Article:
The only time I cried reading a political columnist—except when my wife surprised me with a public tribute on our tenth anniversary, but that doesn’t count—was over a wonderful piece written many years ago by George Will about his son Jon who has Down syndrome. I don’t remember the details, except that his son was eight and a huge baseball fan.  It was a touching and moving tribute and I never forgot the experience of reading it.

Jon Will is now 40.  And his father has written another splendid column that speaks to the equality of us all, that is, the exceptional nature of each and every human being on the planet.  From, “Jon Will’s Gift:”

Jon was born just as prenatal genetic testing, which can detect Down syndrome, was becoming common. And Jon was born eight months before Roe v. Wadeinaugurated this era of the casual destruction of pre-born babies. This era has coincided, not just coincidentally, with the full, garish flowering of the baby boomers’ vast sense of entitlement, which encompasses an entitlement to exemption from nature’s mishaps, and to a perfect baby. So today science enables what the ethos ratifies, the choice of killing children with Down syndrome before birth. That is what happens to 90 percent of those whose parents receive a Down syndrome diagnosis through prenatal testing.

Which is unfortunate, and not just for them. Judging by Jon, the world would be improved by more people with Down syndrome, who are quite nice, as humans go. It is said we are all born brave, trusting and greedy, and remain greedy. People with Down syndrome must remain brave in order to navigate society’s complexities. They have no choice but to be trusting because, with limited understanding, and limited abilities to communicate misunderstanding, they, like Blanche DuBois in “A Streetcar Named Desire,” always depend on the kindness of strangers. Judging by Jon’s experience, they almost always receive it.

I once cared for and lived with a developmentally disabled man who became so from a bad case of German measles at a very young age that also left him subject to frequent grand mal seizures.  He was the best human being I have ever met. Caring. Loving. Earnestly wanting to pull his own fair share. Forgiving.  Kind.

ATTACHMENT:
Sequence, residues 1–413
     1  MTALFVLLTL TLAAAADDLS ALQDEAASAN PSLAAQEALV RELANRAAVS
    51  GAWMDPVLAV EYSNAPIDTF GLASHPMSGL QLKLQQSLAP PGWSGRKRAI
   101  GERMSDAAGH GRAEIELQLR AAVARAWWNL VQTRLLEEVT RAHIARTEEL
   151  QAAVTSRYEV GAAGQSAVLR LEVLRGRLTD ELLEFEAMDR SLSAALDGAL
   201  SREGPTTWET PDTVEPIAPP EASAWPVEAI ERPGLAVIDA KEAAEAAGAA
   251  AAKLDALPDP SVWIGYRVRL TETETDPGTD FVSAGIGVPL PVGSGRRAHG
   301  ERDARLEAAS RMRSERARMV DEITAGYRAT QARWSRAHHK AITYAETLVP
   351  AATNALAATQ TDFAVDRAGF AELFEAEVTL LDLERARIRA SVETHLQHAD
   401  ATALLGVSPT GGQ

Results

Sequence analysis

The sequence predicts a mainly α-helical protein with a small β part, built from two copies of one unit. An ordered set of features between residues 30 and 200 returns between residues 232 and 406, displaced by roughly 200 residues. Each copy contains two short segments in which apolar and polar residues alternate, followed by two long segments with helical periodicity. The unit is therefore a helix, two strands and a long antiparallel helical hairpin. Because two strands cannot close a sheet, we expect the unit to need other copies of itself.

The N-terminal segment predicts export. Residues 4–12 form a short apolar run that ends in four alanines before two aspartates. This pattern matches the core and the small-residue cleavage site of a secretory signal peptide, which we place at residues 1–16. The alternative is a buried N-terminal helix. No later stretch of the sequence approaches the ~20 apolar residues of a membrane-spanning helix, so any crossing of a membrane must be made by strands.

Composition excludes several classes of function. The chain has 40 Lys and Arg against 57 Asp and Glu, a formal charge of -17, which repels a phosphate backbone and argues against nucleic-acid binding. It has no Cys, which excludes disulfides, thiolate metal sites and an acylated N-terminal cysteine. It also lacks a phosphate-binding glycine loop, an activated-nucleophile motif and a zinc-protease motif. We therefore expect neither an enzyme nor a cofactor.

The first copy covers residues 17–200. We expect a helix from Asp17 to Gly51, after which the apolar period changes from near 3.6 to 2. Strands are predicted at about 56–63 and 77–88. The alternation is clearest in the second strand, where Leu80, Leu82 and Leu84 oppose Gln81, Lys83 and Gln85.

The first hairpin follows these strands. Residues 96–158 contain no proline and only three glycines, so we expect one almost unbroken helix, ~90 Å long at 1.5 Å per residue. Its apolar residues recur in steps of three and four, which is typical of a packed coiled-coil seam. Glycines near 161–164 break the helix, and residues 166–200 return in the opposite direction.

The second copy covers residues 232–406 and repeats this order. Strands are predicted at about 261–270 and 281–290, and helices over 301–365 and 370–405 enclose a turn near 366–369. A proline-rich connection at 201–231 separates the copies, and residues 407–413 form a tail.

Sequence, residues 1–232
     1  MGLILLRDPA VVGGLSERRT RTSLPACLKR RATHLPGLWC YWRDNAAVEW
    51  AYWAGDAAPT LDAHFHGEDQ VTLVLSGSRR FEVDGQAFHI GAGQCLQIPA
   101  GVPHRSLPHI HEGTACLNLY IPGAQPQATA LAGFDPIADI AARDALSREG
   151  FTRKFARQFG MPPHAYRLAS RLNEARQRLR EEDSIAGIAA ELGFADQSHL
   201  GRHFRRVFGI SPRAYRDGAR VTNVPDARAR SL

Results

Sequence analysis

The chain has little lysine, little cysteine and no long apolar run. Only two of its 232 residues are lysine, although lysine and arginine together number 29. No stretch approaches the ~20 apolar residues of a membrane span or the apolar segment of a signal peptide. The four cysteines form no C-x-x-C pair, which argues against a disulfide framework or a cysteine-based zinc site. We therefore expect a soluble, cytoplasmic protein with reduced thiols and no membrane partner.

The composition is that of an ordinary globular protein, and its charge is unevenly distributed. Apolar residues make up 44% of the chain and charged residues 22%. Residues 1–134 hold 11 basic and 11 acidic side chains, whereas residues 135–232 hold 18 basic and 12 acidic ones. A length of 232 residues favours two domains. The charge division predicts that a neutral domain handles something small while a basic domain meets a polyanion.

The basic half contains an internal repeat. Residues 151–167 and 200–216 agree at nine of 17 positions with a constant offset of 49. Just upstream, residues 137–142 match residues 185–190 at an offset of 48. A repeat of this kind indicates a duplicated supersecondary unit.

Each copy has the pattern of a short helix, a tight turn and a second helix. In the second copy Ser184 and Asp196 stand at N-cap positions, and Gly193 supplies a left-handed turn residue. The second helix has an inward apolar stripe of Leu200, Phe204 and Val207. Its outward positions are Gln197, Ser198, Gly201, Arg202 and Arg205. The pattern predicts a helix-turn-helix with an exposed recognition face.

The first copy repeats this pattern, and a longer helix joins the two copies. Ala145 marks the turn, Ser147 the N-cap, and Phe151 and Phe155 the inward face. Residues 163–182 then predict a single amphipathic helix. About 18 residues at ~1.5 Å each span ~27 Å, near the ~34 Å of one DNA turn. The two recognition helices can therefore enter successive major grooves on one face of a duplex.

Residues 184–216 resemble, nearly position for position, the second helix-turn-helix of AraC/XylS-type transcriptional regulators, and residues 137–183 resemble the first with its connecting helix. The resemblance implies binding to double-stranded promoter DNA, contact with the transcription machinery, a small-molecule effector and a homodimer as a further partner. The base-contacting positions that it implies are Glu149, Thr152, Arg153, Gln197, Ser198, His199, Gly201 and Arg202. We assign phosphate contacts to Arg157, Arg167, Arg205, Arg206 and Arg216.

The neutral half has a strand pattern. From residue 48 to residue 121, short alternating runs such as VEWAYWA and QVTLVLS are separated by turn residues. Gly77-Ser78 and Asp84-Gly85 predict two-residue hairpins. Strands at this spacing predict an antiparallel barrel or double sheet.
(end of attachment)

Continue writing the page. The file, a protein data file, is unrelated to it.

People like Jon Will and my now late friend bring out the best and worst in others.  I used to take him grocery shopping with me.  He had a very sharp hat that he loved wearing. So on it would go and we would hit the Safeway.  And everyone would always be so nice and caring—which I came to see as his great gift to them.  If it is true that what goes around comes around, and I believe it, then my friend created a space for them to plant seeds of unconditional love that would, I believed, in some manner redound to their benefit.

(When he was institutionalized before I met him, some of his caregivers had also been unbelievably sadistic toward him.  I mean, physically abusive and cruel.  When I think of them, I hope that karma doesn’t exist for they will be in for a terrible reaping.)

We should ponder that as our society conducts a search and destroy mission to wipe people like Jon Will off the face of the earth.  And it won’t end with eugenic abortion.  The odor of infanticide is on the wind too.  Not only that, but people like my friend who become developmentally or cognitively disabled after birth could well also be targeted one day for mercy killing or refused necessary medical treatment toward the end that they die sooner rather than later.  It has happened in history before. And with people like Terri Schiavo, it is happening here and now.

The antidote to the eugenics and utilitarian poisons is human exceptionalism, as Will notes:
 This year Jon will spend his birthday where every year he spends 81 spring, summer and autumn days and evenings, at Nationals Park, in his seat behind the home team’s dugout. The Phillies will be in town, and Jon will be wishing them ruination, just another man, beer in hand, among equals in the republic of baseball.

We should treasure these people and welcome them in our midst.  Alas for us that too often, we don’t.

Articles by Wesley J. Smith

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